What Reel did was definitely the right way to do this. West System has a whole set of guides on repairs, including replacing cores:http://www.westsystem.com/ss/assets/HowTo-Publications/Fiberglass-Boat-Repair-and-Maintenance.pdf
If the transom is leaking badly, that means the inner skin is compromised, and in addition to replacing the core and reglassing the outer skin, to do a proper job repairing this you also need to open up the hull and reglass the inner skin.
Lastly, make sure you follow the instructions in the West System manual for drilling holes and bedding hardware when drilling holes for the rudder. Otherwise, water will eventually make its way back in, and you'll find yourself in the same situation sometime down the road. Properly done, there is no reason why a repair job using wood won't last for the life of the boat.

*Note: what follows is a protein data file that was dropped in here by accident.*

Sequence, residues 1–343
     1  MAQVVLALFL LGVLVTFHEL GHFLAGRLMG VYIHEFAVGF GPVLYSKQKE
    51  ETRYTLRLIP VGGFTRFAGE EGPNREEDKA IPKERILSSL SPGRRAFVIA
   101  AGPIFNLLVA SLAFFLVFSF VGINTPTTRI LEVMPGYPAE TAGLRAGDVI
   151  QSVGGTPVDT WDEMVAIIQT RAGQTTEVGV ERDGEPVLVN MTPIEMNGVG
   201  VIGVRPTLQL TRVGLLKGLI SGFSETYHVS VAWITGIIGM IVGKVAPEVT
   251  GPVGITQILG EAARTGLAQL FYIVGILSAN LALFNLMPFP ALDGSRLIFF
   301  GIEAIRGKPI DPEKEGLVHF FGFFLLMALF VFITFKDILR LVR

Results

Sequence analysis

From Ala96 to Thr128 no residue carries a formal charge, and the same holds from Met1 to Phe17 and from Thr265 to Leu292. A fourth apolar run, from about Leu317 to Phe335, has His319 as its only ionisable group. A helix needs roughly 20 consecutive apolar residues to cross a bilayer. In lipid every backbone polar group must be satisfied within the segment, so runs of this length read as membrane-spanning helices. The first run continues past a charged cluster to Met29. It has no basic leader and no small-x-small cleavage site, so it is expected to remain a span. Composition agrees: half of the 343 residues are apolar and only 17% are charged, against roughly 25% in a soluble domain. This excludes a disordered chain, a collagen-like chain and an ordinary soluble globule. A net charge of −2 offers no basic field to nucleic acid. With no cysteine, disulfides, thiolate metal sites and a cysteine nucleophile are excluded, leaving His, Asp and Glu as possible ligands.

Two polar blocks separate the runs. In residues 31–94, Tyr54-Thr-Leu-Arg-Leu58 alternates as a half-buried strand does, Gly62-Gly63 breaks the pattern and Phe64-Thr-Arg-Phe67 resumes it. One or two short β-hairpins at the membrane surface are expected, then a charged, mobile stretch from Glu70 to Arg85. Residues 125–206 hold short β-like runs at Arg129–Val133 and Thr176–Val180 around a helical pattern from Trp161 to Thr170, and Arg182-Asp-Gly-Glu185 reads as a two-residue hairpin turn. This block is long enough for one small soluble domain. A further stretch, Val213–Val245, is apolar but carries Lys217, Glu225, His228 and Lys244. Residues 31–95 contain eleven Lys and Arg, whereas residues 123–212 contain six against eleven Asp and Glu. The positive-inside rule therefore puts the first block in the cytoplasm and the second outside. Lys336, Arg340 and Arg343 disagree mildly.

Like Div said, the wood adds thickness (technically, increases the moment of inertia), without adding much weight. The end result is a laminate much stiffer and stronger than a solid laminate of the same weight, or much lighter than a laminate of the same strength. Whatever you use for the core needs to be strong and light, especially in shear- body filler is neither of these. There's a reason why wood is used as a core material in a lot of sailboats. You could try
Starboard, but my concern (other than the weight) would be that if the starboard area is much stiffer than the surrounding areas, hard points might develop as the transom flexes and cracking could start again.